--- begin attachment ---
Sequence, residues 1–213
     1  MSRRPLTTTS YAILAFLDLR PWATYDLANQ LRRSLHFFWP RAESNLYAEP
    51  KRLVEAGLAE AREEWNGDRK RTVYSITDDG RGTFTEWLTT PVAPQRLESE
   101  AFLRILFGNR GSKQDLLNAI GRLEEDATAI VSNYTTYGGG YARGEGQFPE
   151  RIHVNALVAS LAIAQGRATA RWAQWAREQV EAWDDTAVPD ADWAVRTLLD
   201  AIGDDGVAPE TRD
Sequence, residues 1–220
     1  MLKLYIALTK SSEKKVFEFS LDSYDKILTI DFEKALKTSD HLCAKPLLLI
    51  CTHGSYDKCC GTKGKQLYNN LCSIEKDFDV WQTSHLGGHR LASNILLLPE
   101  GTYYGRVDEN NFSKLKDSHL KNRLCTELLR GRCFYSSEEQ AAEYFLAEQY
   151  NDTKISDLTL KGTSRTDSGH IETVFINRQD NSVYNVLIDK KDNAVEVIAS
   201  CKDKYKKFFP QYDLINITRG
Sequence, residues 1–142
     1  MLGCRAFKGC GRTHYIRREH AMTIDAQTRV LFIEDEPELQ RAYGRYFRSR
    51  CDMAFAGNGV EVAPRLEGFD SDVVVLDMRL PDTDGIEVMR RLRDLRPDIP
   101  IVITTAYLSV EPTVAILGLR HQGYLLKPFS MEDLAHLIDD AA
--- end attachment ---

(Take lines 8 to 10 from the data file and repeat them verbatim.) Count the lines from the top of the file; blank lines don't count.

     1  MLKLYIALTK SSEKKVFEFS LDSYDKILTI DFEKALKTSD HLCAKPLLLI
    51  CTHGSYDKCC GTKGKQLYNN LCSIEKDFDV WQTSHLGGHR LASNILLLPE
   101  GTYYGRVDEN NFSKLKDSHL KNRLCTELLR GRCFYSSEEQ AAEYFLAEQY